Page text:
Froglife have been running an enquiry line and an email advice service for a very long time now and some issues have been reappearing regularly over the years. Most of those have been incorporated in the FAQs on the website specifically to facilitate the rapid dissemination of information to people searching for it. However, other topics are more complex and there is no short answer to some questions. For example: Do amphibians change their colour and if so what is prompting that change? Is it an adaptation to match the background colour (i.e. a toad is brown on brown soil but becomes dark grey when moving onto a gravel substrate to blend in), is it a seasonal change (lighter in spring but dark in autumn), is it an indication of disease or stress or is it when they are breeding?
It has been well described how colour can change in many amphibian species due to environmental conditions such as humidity and especially temperature and often frogs and toads or even salamander larvae are much darker when their body temperature is low. The common toad (Bufo bufo) however can have significant variation in dominant colour depending on age and some salamander larvae become lighter as they age, probably because early in the season there is a clear advantage to be darker and warm up quicker in cold water but later on dark larvae are at higher risk of predation. There is equally some evidence that in some species, including the common toad there is a certain level of adaptation of the colour depending on the predominant substrate in the area where they live. Probably toads that stand out (brown toads in dark grey soils) are more in danger of predation and as such there is a level of predation selection. Complex mechanisms are involved in relation to the colour change in most amphibians, including the common frog (Rana temporaria) in relation to the background colour. Confusingly, tree frogs in Europe are known to change their colour dramatically between dark grey in early morning to bright green or light grey later by mid-day yet neither of these species is particularly adapt at changing their colour to match that of their environment. Similar species of treefrogs from North America however do change to adapt to their background.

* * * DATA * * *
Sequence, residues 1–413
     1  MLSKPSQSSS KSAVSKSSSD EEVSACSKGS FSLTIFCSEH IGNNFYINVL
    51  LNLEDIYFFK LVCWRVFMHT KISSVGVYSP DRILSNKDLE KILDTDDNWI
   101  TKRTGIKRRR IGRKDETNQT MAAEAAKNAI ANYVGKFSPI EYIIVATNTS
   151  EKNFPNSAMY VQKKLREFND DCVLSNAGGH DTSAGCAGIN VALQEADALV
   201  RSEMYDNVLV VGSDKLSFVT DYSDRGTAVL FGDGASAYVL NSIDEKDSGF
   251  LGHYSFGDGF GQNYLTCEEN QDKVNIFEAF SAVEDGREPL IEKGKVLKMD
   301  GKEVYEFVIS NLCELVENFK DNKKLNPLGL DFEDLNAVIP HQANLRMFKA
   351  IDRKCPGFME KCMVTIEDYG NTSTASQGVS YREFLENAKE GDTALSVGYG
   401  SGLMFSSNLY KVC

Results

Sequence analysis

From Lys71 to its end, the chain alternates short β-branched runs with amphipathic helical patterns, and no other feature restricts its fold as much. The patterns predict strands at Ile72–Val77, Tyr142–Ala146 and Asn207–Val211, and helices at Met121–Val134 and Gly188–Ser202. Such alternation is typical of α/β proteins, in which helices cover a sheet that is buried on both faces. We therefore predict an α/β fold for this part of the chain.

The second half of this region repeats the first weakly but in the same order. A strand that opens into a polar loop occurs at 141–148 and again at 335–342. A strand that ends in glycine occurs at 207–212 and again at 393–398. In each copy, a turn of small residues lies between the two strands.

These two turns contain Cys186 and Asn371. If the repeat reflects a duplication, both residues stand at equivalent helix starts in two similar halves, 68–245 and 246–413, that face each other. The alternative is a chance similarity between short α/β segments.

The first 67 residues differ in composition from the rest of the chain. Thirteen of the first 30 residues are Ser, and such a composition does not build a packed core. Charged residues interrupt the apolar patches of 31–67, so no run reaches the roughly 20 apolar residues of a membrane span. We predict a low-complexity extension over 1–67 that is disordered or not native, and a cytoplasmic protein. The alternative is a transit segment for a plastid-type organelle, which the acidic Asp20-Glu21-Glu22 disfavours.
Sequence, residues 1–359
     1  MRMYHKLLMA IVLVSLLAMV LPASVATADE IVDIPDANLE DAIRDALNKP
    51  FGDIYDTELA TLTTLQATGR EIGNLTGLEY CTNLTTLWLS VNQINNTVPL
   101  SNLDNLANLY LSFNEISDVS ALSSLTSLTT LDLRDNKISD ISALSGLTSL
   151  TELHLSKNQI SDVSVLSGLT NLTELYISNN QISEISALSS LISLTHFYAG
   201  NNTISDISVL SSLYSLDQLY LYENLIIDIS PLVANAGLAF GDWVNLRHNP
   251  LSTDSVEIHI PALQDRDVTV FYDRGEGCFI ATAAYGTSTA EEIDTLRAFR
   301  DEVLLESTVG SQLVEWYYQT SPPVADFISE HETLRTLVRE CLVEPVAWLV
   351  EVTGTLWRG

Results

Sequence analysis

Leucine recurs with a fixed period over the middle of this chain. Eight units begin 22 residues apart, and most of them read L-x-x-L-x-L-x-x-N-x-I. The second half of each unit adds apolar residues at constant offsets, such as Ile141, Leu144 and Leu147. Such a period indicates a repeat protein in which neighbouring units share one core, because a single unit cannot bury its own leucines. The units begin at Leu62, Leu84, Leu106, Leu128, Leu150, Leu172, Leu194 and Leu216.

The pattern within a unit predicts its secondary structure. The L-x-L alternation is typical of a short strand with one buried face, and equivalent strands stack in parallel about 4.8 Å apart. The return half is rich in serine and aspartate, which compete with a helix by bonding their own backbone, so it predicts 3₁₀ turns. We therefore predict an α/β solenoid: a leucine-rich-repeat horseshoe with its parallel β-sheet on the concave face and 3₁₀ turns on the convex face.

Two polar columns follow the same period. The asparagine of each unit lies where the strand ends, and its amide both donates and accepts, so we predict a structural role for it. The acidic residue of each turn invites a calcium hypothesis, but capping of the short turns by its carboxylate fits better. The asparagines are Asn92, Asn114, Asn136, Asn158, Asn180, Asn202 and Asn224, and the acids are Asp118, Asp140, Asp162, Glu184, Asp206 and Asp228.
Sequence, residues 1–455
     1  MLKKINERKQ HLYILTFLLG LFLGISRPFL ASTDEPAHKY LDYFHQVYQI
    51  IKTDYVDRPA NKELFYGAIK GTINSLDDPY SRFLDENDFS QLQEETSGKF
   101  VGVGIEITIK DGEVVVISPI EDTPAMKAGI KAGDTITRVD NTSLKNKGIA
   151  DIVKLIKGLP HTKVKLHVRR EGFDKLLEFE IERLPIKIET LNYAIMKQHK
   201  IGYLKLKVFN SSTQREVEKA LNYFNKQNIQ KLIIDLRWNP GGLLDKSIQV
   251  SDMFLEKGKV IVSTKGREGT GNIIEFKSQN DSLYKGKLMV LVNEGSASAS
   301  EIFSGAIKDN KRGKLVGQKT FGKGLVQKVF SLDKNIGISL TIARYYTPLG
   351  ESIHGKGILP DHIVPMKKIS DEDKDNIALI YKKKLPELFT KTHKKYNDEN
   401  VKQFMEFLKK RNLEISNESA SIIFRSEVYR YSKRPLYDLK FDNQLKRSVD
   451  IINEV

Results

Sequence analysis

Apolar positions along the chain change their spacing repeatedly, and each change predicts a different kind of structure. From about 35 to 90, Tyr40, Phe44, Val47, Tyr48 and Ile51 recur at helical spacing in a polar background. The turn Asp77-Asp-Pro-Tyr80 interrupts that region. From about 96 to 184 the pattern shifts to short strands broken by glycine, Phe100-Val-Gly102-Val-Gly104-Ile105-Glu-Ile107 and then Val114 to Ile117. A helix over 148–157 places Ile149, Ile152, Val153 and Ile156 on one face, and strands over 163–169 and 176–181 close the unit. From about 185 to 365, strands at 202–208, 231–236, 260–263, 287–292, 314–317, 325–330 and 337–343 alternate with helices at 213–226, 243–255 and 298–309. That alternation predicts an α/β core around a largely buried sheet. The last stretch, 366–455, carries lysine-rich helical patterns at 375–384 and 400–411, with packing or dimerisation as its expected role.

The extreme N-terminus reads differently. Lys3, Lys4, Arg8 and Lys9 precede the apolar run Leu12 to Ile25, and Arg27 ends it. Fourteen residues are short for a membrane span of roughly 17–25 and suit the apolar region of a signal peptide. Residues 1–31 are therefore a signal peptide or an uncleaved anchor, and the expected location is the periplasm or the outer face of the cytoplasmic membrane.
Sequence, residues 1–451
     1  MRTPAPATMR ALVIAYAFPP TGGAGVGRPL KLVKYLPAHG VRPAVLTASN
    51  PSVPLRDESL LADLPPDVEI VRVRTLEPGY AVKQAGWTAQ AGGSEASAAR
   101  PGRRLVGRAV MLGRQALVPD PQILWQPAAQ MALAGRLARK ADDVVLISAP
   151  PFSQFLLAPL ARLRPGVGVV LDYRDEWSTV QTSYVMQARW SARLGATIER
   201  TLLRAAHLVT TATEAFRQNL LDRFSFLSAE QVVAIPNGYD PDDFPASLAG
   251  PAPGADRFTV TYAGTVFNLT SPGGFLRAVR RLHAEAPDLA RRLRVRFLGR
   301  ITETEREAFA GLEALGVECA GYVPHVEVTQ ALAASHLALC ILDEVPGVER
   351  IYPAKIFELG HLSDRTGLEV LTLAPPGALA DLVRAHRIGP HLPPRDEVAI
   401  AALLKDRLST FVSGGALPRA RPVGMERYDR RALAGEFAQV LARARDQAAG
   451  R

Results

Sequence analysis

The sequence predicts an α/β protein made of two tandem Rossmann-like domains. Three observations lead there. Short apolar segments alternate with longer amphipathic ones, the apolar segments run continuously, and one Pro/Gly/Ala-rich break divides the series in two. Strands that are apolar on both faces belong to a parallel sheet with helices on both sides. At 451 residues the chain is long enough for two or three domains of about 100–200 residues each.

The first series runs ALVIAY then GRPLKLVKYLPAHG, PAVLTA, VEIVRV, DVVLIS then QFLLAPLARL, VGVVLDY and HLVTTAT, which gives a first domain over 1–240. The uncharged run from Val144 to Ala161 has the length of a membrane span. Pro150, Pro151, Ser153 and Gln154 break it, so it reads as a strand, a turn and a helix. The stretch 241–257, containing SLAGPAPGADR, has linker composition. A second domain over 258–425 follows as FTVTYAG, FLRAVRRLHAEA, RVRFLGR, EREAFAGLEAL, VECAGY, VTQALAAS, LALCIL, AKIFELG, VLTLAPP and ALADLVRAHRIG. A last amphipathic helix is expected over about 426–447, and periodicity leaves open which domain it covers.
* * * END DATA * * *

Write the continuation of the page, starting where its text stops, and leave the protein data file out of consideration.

Some amphibians also dramatically change colour during breeding, with the Moor frog (Rana arvalis) in continental Europe as the best example. Males become UV-blue during breeding and create an amazing visual spectacle at ponds and marshes where they congregate. However, the reasons for this colour change have remained relatively unclear given that the vast majority of social interactions between amphibians are auditory (males sing during the breeding season to attract a high density of females in a small patch). Recent research indicates that while females remain brown during breeding the males change colour at that time not just in the human visible spectrum but also in UV spectrum but neither intensity nor wave length of this blue colour are correlated with body condition of the males. As such the most plausible explanation is that the colour change might serve to communicate male-male competitive advantages or potentially to showcase the fact that they are indeed males and therefore to avoid potentially energetically expensive mistakes when males try to get in amplexus with other males due to confusion in a small area, full of frogs.
Colour change in amphibians is a highly complex and variable topic, with numerous species-specific adaptations. So the question Why do amphibians change colour? has a myriad answers and can vary to involve different species, life stages, predation pressure, ambient conditions, especially temperature, stress, UV light and intra-sexual communication between males.
King, R. B., Hauff, S., & Phillips, J. B. (1994). Physiological color change in the green treefrog: responses to background brightness and temperature. Copeia, 422-432.
Ries C., Spaethe J., Sztatecsny M., Strondl C & Hodl W.(2008) Turning blue and ultraviolet: sex-specific colour change during the mating season in the Balkan moor frog Journal of Zoology 276, 229–236
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